Speaking tips for Euroexam Level A1

The Spoken Exam has four tasks. There are usually two candidates in the Spoken Exam, you and your partner. So, when we write "you" in these tips, it means that the same thing happens to the other candidate, too, or if we say "you give your presentation", it means that both of you do it, one after the other.

Task 1 – Interview

You get four questions about everyday life which you can answer with one sentence each.

Tips and Ideas for Task 1

  • Listen carefully to the question. Answer the question in your own words. Don't just say something that you have learnt earlier.

  • When you prepare for the exam, practise saying aloud short sentences about your family, hobbies, school or work, eating habits, regular activities. 

Task 2 – Presentation (in 1 minute)

This task begins before you enter the exam room. In another room you get a paper with two topics on it; and you choose one. Examples of the topics are: family, home, daily routine, best friends, dream home, etc. You have ten minutes to prepare. You can make notes, and take these notes with you into the exam room. You can also use a non-electronic dictionary. In the exam room, you give your presentation and speak for one minute. You can use your notes to help you, but don't read from them.

Tips and Ideas for Task 2

  • In about 1 minute, you can say about 10 things. In the 10-minute preparation period, write down notes like this, "play the guitar", "vegetarian", "no sports" etc. These key words will help you speak freely, using your notes.

  • In the preparation room, you can use a dictionary, but looking up words takes a long time. Don't look up words unless it is really necessary. You use words best which you already know.

  • To practise by yourself, imagine you are talking to a foreigner in English. Talk to yourself. Explain things.

  • Collect words and phrases which you think will help you in the exam: "I enjoy...", "I prefer...", "I believe I never...", "We often feel that we can't..." etc.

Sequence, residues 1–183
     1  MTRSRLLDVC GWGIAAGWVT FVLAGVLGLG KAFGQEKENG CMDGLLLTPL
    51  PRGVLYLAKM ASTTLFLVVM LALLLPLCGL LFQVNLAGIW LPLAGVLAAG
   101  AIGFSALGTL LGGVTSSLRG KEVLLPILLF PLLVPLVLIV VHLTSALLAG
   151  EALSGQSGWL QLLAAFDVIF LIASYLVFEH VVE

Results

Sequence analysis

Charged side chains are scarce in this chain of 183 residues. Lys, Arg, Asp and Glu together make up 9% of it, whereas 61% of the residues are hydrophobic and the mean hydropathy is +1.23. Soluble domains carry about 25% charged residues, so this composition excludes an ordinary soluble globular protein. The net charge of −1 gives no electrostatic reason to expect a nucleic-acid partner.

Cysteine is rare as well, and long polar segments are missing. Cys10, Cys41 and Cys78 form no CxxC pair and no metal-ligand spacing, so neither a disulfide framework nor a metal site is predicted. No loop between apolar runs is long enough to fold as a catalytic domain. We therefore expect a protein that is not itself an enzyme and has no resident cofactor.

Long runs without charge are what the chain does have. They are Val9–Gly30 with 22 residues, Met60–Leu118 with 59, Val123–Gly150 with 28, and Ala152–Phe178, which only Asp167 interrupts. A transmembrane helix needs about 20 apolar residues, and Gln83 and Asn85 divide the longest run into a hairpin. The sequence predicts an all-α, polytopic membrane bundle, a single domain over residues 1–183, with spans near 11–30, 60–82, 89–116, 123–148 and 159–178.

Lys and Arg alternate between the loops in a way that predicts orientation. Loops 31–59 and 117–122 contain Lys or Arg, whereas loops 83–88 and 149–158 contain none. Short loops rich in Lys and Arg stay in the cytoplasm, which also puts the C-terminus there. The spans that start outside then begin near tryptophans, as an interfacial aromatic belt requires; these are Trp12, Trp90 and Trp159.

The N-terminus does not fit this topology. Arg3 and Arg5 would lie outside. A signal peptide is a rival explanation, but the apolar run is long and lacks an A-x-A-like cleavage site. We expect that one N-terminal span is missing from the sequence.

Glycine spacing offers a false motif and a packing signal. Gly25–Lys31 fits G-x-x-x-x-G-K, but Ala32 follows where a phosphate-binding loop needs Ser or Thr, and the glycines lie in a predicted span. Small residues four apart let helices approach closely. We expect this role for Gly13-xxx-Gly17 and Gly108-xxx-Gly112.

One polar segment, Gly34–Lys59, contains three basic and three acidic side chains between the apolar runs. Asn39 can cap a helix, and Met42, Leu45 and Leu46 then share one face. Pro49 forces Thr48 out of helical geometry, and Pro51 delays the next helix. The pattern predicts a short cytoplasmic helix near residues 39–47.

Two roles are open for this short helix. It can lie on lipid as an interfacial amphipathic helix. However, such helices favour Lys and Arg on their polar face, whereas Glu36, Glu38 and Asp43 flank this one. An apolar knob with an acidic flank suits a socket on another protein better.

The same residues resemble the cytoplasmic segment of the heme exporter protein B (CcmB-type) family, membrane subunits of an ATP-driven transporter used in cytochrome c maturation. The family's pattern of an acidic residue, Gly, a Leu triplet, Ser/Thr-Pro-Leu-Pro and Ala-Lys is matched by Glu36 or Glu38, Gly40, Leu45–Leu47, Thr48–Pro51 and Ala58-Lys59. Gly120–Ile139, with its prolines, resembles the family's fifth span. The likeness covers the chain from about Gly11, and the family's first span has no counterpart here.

Task 3 – Transactional Dialogues

This task has two parts; and in both you have two short conversations with the examiner.

  1. In Part a) the examiner reads out a situation; e.g. you want to find your bag, you ask a friend about your next class etc. She speaks to you and you reply. For example the examiner says: We’re friends. We have a free afternoon. I start. Would you like to go to the cinema?" - then you say something.

  2. In Part b) you only hear the situation and you must start the conversation (e.g. the examiner says: "This time you must start the conversation. You want to find the nearst post office. I am a person on the street." - you start the conversation].

Tips and Ideas for Task 3

  • Listen carefully to what the examiner says. It is important to understand the situation. If you don't understand, ask the examiner to say it again.

  • You can practise for this task with friends, parents, relatives or other people who speak English. Imagine a lot of everyday situations and what people say in the street, at the hotel, at the doctor, in shops, at a railway station or airport, at cinemas-theatres-bars-restaurants etc. One of you speaks as an official, the other person as the customer, guest, patient, visitor etc. 

  • In these dialogues you can use polite language. Practise these; e.g. Could you pass the salt?

Practice materials for Task 3 - Click on the links!

  • You can find a lot of short, elementary-level conversations on the 'Speaking' page of the website ESLgold.com. Listen to them and practise the useful expressions.

  • Basic English Listening Lessons is a great page, mainly to practise your listening skills. The conversations are elementary level ones, so you can learn plenty of useful phrases which you can use in everyday conversations.

Task 4 – Picture Description and Discussion

You do this task together with your partner. You get one picture; your partner gets another. There are ten differences between the two pictures. You also get five pieces of information about the differences between the two pictures. (Your partner gets different pieces of information). The two of you have to find the ten differences: you can make statements about your own picture or ask your partner questions about his or her picture.

Tips and Ideas for Task 4

  • In this task you talk about places, people, objects (e.g. "there is...", "there are...", "I can see..." etc.), using the names of places, sizes and lots of prepositions (e.g. behind, next to, in front of etc.).  You will also need the question form; e.g. "Are there...?" or "Can you see... behind...?".

  • You will need the present continuous tense, to describe who is doing what in the pictures, or for asking your partner (e.g. "The dog is eating..." or "Are the children playing...?"). 

  • The best way to practise is to say in Engish what you see when you enter a shop, a room, street, building. etc. Also describe what people are doing. You also practise the vocabulary and the sentence structures too!

Practice materials for Task 4 - Click on the link!

Good luck in your exam